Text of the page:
Reflections on eternal light
Kon Markogiannis is a photographic artist and researcher with a doctoral degree in fine art. He has an interest in themes such as memory, mortality, spirituality, the human condition, the exploration of the human psyche and the evolution of consciousness. He embraces the indexical qualities of photography and its immediate impact on the viewer but what he is mainly concerned with are the ways “reality” can be transformed.
In this week’s guest post for The Culturium, Kon explains that by manipulating the photographic medium and/or combining it with other media, he is able to develop a personal and simultaneously transpersonal language that negotiates between subjective art and the photographic document. He sees his work as a kind of weapon against the ephemeral or, as Vilém Flusser would say in Towards a Philosophy of Photography, a “hunt for new states of things”.
“Annihilate the senses
This world is an illusion.”
THE SEQUENCE OF studio photographs entitled Angel is an attempt to use the medium of photography in order to capture the invisible and intangible. The photographs were shot in the studio using an analogue camera and 35mm film—the ethereal look was created by movement and long exposure.
According to several religions, philosophies and wisdom traditions, man may possess different kinds of “bodies”, which are not necessarily material. The Angels represent a kind of bodily identity, which is a spectrum of subtle energies, radiance, rhythm and emotion.
With this work, the viewer is encouraged to transcend the indexical nature of the photographic medium and engage with the work on a variety of levels (visceral, emotional, imaginative, intellectual), thus allowing him/her to give birth to various transformative meanings and associations.
The (Im)mortality series mainly deals with the “memento mori” theme. Photographs are typically used as a way of reliving the past and remembering the deceased. In a certain sense, the photographic medium can be seen as a “weapon” against the ephemeral and the ever-constant flow of time.
The act of taking a photograph may be immediate/instant (like pointing and shooting a gun) but its results are timeless. One could say that by photographically recording “reality”, one acquires the ability to slow down time and “immortalize” a transient moment. In L’Acte Photographique, Phillippe Dubois suggests that the act of taking a photograph is “an instantaneous abduction of the object out of the world into another world, into another kind of time”.
This work suggests that through the realization that one is eventually going to die, a person’s viewpoint, attitude and priorities may radically change. One’s appreciation of life and fellow people’s lives can be deepened by gaining an awareness of death. By integrating mortality into life, one may accept death as life’s natural conclusion, which one can learn to embrace and be prepared for.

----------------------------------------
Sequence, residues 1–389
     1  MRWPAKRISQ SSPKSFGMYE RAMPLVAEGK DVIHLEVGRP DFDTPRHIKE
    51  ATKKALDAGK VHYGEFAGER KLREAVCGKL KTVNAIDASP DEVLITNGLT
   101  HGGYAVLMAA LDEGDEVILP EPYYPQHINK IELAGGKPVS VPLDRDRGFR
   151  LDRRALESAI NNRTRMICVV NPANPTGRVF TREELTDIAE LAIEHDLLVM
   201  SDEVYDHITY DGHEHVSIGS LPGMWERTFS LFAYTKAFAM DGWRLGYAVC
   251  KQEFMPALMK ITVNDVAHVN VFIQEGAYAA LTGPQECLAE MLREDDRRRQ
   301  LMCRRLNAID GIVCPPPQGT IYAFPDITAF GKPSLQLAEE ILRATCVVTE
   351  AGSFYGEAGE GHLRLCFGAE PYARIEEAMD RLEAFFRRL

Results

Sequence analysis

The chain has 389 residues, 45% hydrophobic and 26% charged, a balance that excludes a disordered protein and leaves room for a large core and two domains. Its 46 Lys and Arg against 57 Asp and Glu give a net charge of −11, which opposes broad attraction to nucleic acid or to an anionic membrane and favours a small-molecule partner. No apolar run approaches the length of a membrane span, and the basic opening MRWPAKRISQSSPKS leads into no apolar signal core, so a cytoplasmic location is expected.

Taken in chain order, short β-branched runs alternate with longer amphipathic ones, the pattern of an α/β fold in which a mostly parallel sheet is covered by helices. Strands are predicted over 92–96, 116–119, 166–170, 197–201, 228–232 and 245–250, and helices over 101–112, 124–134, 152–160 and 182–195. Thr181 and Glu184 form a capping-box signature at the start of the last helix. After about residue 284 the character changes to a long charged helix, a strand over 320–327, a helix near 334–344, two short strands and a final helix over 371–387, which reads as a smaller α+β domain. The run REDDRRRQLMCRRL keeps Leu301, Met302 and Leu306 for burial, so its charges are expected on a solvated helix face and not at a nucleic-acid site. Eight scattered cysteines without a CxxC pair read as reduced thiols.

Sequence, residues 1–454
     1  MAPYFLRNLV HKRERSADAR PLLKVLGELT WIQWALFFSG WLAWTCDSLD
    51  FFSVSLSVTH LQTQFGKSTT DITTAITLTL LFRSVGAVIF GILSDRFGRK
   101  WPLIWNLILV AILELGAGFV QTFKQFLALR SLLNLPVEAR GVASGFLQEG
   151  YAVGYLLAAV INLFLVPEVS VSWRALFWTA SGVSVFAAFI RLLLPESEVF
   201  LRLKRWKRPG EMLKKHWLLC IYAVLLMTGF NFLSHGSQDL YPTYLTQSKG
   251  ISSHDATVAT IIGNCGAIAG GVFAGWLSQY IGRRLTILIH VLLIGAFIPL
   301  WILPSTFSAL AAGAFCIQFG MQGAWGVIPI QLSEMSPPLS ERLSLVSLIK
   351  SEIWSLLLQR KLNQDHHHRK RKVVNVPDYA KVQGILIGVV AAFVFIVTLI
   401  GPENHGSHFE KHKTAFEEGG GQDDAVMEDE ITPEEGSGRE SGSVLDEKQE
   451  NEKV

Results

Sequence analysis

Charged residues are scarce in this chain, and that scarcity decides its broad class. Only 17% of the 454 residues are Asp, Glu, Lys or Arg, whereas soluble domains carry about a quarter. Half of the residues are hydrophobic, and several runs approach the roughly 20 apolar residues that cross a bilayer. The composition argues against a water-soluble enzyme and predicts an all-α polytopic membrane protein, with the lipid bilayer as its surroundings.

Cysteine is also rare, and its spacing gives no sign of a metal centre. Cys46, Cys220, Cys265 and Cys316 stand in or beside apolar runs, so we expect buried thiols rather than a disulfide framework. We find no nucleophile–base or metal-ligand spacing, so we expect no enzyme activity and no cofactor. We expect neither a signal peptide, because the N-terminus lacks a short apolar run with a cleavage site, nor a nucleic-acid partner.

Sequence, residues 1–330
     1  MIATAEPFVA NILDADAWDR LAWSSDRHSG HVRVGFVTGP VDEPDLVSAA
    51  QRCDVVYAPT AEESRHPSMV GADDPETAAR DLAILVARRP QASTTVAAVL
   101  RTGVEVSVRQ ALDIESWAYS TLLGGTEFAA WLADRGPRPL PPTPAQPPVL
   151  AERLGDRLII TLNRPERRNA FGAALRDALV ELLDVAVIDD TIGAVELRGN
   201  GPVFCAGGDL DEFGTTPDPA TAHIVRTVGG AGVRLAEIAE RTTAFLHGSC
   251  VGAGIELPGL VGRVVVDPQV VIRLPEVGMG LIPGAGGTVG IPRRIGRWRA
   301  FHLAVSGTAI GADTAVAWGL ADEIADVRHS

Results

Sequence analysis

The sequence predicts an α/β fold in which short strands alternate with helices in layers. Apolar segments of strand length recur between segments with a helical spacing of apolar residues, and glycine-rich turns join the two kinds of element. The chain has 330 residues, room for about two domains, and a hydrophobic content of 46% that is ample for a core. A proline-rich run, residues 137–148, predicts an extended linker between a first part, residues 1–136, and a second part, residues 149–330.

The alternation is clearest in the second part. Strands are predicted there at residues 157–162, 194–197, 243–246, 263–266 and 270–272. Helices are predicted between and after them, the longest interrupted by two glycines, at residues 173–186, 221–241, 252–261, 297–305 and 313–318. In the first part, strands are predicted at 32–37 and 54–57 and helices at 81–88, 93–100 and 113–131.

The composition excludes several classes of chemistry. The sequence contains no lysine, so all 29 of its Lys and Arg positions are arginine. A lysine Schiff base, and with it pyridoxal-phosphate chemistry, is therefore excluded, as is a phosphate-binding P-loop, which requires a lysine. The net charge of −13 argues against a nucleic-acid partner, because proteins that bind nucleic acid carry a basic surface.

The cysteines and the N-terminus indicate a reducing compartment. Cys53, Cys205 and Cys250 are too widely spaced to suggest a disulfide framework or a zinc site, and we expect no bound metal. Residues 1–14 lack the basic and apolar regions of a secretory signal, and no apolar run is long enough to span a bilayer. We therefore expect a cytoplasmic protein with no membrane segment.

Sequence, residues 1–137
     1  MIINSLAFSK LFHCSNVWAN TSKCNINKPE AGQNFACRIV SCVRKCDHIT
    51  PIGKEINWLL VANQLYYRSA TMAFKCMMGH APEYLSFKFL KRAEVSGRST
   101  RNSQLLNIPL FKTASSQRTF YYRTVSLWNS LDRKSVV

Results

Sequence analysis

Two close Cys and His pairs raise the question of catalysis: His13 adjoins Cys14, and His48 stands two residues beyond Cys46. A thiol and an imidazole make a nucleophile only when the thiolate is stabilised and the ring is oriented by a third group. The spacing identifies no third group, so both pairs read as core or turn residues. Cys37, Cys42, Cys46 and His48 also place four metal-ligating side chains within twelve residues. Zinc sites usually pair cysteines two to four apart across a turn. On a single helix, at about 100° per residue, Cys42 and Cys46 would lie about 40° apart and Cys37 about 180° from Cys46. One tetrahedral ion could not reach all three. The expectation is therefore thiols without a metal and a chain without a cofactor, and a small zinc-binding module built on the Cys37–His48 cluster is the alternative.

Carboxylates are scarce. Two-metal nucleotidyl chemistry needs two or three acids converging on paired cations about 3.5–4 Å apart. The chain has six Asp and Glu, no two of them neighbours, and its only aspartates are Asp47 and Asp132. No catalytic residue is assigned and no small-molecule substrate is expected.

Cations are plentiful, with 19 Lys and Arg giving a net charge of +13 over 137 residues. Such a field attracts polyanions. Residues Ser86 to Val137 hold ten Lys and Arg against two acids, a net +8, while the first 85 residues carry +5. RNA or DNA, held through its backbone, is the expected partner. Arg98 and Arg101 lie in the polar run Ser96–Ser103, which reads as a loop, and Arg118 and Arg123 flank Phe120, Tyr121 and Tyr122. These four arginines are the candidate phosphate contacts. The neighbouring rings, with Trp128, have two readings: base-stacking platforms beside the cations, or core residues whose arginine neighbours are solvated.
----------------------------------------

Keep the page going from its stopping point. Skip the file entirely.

Divine Decay is a series of photographic/mixed media constructions informed and inspired by holy texts, illuminated manuscripts, death memorials, alchemical/occult symbols, sacred geometry, religious icons and Renaissance panel paintings.
The work deals with memory, remembrance and decay and tackles issues such as spirituality, which is often neglected but also essential for the well-being and inner balance of the individual in our hypertechnological and increasingly materialistic society.
The gritty and damaged appearance of the images alludes to fragility, mortality and the transient nature of earthly existence. Although such subjects are generally perceived as rather morbid and depressing, reflection on their significance could prove to be an illuminating way of reflecting on life.
Mind Patterns is a series of cameraless photographs/computer constructions that deal with the artist’s inner need to transcend mundane reality in search of the absolute. The work was inspired by Tibetan Buddhist theories regarding “universal consciousness” and the art of avant-garde pioneers such as Man Ray and László Moholy-Nagy, whose photographic experiments (solarizations, photograms, etc.) challenged the established notion of photographic “reality”.
Manifestations of the ineffable exist in our subconscious where billions of organic and inorganic, human and pre-human images and experiences are stored in a kind of virtual hard drive. Via computer simulation-manipulation, there was an attempt to retract primordial shapes and symbols, textures and patterns, spaces of darkness and luminance from this collective depository and render them into digital post-photographic photograms.
The main intention behind this experimental work was to suggest that everyday reality as we normally perceive it is a kind of virtual reality: it is a product of our limited awareness and an illusion imposed by our senses. According to Buddhist teachings, our minds are integral parts and exponents of a universal network of energy (“universal mind”), which is eternal, indestructible and omnipresent. By applying appropriate techniques and practices—such as meditation and artistic creation—the individual has the potential to rise above trivial reality and experience a radiant supra-reality and enlightened state of mind (“clear light”).
And face your boundaries
To the noise in your head
The foul odours around you
And spit it out again
And feel nothing
Annihilate the senses
This world is an illusion
—’Maya’, Kon Markogiannis
- Kon Markogiannis’ website
- Kon Markogiannis’ Facebook page
- Kon Markogiannis, Gabriel Rosenstock & Sarah Thilykou: Angelic Flights
- Ansel Adams: The Search for Beauty
- Ron Rosenstock: The Invisible Light
- Jerry Katz: Let the Scene See You
- Danila Tkachenko: Escape
- Spiros Stathoulopoulos: Meteora